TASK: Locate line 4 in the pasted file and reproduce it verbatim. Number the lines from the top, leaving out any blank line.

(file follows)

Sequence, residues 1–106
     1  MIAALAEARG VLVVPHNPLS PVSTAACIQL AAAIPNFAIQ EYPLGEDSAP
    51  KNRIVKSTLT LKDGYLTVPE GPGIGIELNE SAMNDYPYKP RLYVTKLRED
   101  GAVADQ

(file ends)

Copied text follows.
   101  GAVADQ